The RTK law exempts from disclosure "[p]reliminary drafts, notes, and memoranda and other documents not in their final form and not disclosed, circulated, or available to a quorum or a majority of the members of a public body." RSA 91-A:5, IX. The petitioners argue that the words "[p]reliminary drafts" "together suggest a document only in its budding stage of development. [758] Once a document has moved beyond its 'preliminary draft' stage, and has become either a 'preliminary' document [930] or a 'draft,' it is no longer exempt." We disagree.

We concur with other jurisdictions holding that the "preliminary draft" exemption in their right to know or freedom of information acts was designed to "protect[] pre-decisional, deliberative communications that are part of an agency's decision-making process." Harwood v. McDonough, 344 Ill.App.3d 242, 279 Ill. Dec. 56, 799 N.E.2d 859, 863, 864 (2003) (quotations omitted) (court looking to FOIA case law to interpret state freedom of information act). The petitioners themselves cite Wilson v. Freedom of Information Commission, 181 Conn. 324, 435 A.2d 353, 359 (1980), in which the Connecticut Supreme Court interpreted the preliminary notes or drafts exemption in that state's freedom of information act as being intended to encompass "records of [the agency's] preliminary, deliberative and predecisional process." They argue, however, that "[t]o the extent the Connecticut construction is useful, it should be recalled that Connecticut's constitution does not contain a corollary to our open government mandate, and that the phrase in New Hampshire must be construed even more narrowly."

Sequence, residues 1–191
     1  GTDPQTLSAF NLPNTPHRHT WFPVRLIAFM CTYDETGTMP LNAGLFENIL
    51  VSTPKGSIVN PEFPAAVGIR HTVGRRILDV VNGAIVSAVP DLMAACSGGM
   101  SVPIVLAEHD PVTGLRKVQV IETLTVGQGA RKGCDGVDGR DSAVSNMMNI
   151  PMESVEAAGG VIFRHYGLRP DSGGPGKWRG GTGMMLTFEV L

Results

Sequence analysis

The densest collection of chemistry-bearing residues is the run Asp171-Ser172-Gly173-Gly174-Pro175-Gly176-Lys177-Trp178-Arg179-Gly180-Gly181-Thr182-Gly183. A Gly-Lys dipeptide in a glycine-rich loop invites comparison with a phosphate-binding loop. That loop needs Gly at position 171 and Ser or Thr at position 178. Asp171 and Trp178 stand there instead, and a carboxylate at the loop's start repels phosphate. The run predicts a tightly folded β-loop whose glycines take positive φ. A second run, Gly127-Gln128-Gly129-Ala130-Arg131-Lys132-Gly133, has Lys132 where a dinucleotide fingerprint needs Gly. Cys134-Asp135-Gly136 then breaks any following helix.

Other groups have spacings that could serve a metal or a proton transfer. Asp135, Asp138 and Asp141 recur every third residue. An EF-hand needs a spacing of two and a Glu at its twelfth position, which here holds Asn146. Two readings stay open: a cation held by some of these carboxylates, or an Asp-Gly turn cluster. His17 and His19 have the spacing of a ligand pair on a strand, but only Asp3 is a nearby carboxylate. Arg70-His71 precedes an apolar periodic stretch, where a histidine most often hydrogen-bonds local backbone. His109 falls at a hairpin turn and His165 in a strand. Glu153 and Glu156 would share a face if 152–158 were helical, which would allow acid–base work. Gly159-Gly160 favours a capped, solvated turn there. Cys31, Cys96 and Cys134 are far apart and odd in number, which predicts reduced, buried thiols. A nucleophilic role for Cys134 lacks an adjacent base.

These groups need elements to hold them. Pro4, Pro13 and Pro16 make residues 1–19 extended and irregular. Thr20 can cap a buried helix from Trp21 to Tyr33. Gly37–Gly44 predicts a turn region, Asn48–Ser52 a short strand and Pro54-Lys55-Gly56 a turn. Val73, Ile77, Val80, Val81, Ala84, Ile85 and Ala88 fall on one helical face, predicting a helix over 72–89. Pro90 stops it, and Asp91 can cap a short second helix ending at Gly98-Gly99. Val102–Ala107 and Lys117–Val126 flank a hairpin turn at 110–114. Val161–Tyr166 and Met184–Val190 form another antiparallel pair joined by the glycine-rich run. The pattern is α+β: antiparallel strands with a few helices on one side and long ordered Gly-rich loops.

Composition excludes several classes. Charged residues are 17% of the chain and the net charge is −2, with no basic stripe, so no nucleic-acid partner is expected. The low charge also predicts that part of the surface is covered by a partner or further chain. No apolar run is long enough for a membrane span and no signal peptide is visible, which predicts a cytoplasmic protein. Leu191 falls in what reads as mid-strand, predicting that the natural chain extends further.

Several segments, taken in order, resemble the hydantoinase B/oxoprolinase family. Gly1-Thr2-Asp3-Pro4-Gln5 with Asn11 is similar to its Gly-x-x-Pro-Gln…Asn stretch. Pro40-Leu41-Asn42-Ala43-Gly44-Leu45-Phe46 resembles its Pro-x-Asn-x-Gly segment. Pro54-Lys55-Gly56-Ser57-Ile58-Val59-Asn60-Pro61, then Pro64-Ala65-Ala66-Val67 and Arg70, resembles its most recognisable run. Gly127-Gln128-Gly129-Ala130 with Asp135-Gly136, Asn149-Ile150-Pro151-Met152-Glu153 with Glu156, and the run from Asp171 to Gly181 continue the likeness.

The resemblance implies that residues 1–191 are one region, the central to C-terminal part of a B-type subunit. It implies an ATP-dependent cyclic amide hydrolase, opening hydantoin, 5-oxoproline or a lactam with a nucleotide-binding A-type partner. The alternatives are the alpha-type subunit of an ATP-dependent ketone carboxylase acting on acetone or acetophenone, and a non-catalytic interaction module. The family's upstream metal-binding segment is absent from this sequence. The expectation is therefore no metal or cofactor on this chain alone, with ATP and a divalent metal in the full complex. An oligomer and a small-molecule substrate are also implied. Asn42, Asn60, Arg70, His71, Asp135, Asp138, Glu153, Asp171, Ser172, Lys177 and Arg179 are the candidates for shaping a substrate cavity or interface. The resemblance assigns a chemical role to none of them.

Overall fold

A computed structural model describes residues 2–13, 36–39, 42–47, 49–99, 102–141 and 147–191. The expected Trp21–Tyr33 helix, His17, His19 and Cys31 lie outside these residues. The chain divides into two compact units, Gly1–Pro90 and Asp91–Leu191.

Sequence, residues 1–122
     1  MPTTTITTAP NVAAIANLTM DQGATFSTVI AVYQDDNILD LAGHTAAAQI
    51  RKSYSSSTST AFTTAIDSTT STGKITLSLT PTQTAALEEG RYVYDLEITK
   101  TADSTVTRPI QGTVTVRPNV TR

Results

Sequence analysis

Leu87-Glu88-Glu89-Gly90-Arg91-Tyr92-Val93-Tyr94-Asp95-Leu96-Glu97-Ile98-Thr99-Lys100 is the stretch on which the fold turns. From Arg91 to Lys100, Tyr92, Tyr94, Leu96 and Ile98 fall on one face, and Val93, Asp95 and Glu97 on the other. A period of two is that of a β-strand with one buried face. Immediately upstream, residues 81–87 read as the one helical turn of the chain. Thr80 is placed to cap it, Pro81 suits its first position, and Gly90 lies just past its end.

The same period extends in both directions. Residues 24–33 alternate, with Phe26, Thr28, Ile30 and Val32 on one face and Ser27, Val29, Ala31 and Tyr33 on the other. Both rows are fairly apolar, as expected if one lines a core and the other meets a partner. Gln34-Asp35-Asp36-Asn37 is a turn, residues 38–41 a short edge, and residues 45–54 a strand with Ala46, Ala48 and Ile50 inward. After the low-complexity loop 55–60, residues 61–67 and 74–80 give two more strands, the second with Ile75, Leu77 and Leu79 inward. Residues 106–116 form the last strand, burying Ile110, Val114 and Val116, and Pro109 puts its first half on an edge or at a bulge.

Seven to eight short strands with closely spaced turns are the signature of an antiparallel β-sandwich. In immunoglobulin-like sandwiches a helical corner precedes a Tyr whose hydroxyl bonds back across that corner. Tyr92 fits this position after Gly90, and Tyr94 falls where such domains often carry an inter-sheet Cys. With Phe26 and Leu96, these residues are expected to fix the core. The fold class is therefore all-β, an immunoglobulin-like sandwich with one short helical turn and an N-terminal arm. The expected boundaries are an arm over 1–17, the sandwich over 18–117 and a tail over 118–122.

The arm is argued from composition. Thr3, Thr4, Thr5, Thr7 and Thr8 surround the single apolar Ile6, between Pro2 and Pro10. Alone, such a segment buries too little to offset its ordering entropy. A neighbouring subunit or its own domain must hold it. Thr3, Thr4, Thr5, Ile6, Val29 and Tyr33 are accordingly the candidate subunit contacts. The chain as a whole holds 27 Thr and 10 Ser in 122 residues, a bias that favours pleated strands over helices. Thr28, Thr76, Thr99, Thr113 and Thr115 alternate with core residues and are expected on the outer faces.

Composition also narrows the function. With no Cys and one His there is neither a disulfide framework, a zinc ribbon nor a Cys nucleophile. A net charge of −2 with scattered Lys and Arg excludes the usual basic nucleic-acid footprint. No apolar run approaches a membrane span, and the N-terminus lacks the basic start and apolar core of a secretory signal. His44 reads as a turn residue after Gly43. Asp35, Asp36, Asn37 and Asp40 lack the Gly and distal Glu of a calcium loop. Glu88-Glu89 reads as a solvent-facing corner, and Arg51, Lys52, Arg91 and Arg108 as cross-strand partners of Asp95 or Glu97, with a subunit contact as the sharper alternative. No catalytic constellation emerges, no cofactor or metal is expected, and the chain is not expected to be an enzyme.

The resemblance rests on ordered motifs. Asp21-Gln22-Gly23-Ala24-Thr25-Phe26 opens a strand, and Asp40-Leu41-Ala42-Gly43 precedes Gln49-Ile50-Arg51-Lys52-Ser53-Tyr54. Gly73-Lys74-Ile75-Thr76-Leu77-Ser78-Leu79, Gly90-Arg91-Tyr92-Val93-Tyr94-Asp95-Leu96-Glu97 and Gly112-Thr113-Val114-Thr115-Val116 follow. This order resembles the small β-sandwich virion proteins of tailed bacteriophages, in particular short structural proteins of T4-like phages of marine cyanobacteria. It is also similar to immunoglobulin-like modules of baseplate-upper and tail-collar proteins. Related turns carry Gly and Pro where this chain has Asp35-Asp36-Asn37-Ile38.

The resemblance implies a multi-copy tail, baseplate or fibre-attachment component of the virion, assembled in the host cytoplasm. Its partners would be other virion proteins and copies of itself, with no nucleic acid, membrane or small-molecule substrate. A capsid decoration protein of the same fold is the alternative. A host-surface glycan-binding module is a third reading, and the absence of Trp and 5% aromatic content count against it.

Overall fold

We find no conflict between Part I, Article 8 of our constitution and a construction of RSA chapter 91-A that exempts predecisional agency documents. Part I, Article 8 provides that "the public's right of access to governmental proceedings and records shall not be unreasonably restricted." N.H. CONST. pt. I, art. 8 (emphasis added). As the Connecticut Supreme Court noted, "The object of . . . [preliminary draft] exemptions . . . is to strike [a] balance between the public's right to know and the government's need to function effectively." Wilson, 435 A.2d at 359 n. 8. In the instant case, the trial court ruled that it was "not persuaded that restrictions on access to preliminary drafts and related notes unreasonably restrict access to" governmental records. We find no error.